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Glaser’s Basic Teaching Model

Glaser’s Basic Teaching Model

Components of Glaser’s Basic Teaching Model

The basic teaching model was developed by Robert Glaser (1962) on the basis of psychological principles. It is termed as ‘basic’ because it tries to explain the whole teaching process in an appropriate way dividing it into the following four basic components or parts:

  1. Instructional objectives (A)
  2. Entering behaviour (B)
  3. Instructional procedures (C)
  4. Performance assessment (D)

Instructional objectives:

These indicate the stipulated goals that a student is supposed to attain upon completion of a part of instruction.

Entering Behaviour:

It means the initial behaviour of the student before the beginning of instruction. It is his basic potential or level of performance in terms of educational abilities comprising the factors like previous knowledge of the subject or subjects, intellectual ability, learning ability and motivational state. The assessment of entering behaviour is a significant aspect of an instructional process. Usually, it is a starting point, but in this model, it occupies the second place and is viewed in the context of the pre-set instructional objectives. However, in actual teaching-learning situations, both interact to influence and help each other for the success of the whole instructional process.

Instructional procedures:

These are the most active or functional parts of teaching process. These represent the teaching methods, strategies and student-teacher interaction patterns involved in teaching. The first two components are- the stipulated instructional objectives and the entering behaviour, and work as a deciding base for the selection and use of the instructional procedures.

Performance assessment:

This last component is related with the task for assessing the performance of the learner. In terms of one’s entry behaviour and stipulated objectives, his terminal behaviour is assessed through some suitable evaluation techniques (test, observations, etc.). The assessment of the performance may prove as an effective ‘feedback’ device for each of the steps and elements of the teaching process. The objectives may be modified and instructional procedures may be improved based on the end results shown under the performance step.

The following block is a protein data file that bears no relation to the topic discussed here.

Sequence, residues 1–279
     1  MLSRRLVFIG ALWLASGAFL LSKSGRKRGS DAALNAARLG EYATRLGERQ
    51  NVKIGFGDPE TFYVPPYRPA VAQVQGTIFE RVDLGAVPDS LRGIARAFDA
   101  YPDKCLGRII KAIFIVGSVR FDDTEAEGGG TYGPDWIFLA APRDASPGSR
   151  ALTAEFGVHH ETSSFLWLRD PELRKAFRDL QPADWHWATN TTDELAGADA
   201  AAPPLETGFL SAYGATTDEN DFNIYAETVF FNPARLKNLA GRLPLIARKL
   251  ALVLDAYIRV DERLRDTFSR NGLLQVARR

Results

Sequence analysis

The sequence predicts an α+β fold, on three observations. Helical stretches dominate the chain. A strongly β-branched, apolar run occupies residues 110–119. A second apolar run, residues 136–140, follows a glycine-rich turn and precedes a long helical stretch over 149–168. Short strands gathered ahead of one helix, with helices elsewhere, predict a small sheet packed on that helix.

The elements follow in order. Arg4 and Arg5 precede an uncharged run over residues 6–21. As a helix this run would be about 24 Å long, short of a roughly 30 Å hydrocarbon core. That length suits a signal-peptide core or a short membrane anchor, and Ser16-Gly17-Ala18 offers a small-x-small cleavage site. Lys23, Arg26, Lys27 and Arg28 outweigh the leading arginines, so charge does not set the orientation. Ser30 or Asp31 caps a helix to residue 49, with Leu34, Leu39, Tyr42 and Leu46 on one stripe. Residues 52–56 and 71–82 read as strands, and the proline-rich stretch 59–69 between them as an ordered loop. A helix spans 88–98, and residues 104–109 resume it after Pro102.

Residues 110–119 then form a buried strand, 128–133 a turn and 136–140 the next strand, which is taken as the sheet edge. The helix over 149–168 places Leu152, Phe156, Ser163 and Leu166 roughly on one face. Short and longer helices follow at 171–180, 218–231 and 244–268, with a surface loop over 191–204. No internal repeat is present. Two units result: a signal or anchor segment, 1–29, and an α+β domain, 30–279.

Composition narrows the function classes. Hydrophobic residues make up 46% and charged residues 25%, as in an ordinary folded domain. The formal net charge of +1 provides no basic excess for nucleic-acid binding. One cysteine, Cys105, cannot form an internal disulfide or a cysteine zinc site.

Fundamental elements of Glaser’s Teaching Model


The model tries to pinpoint the four basic functions, processes and major activities comprising the whole teaching-learning process. The sequence to be followed in the instructional process also is brought into limelight.


The flow of activities in this model is quite sequential. Firstly the objectives to be achieved through the interaction carried out by the teacher are fixed. Then attempts are made to assess the potentiality of the learners in terms of their entry behaviour. Then, in the light of the entry behaviour, the school instructional work is carried out to achieve the stipulated objectives and how far these objectives have been realised is ascertained in the last phase of the model.

Principle of reaction:

The main principles of reaction are summarized here:

  1. Principle of active involvement and expertise: The teacher has to remain quite active in the execution of this model. He has to acquire essential skills in the formulation of the objectives, assessment of entry and terminal behaviours and devising suitable means and ways for the realization of the set objectives. At every stage, he has to develop proper understanding of the potential and difficulties of his students for reaching the goals.
  2. Principle of interdependence: The four stages involving objectives, entry behaviour, instructional process and assessment of its outcomes are quite interconnected and interdependent. The student’s responses are to be understood and dealt with in the light of such interaction and dependence.
  3. Principle of correction and follow-up: If the assessment in terms of the terminal behaviour does not match with the aspirations in terms of the set objectives and the entry behaviour, there lies something wrong either with the instructional process or with the setting of the objectives. Anything going wrong should be detected and followed with necessary correction and subsequent activities for the improvement of the process.

Social system:

This model is sufficiently structured and supposed to be dominated by the active role and control of the teacher on the whole process of instruction from the beginning till the end. Its success depends on the competency and ability of the teacher in terms of the acquisition of various skills like formulation of objectives, employment of methods and strategies and techniques of evaluation.

Support system:

The model for its success requires additional support in terms of the following things:

  1. Requirement of sufficient pre-service and in-service training facilities for teachers to acquire needed skills and competencies for the use of the model.
  2. Need for the desirable teaching-learning situations and environment for the employment of suitable teaching strategies and instructional technology.
  3. Need for the appropriate evaluation devices for the assessment of entry and terminal behaviour of the pupils.

Application of this model

This model is applicable to any teaching-learning situation preferably dominated by the teacher and requiring the flow of knowledge and information in a quite systematic and structured way and realising some well-defined instructional objectives within the limited means of the usual classroom situations.

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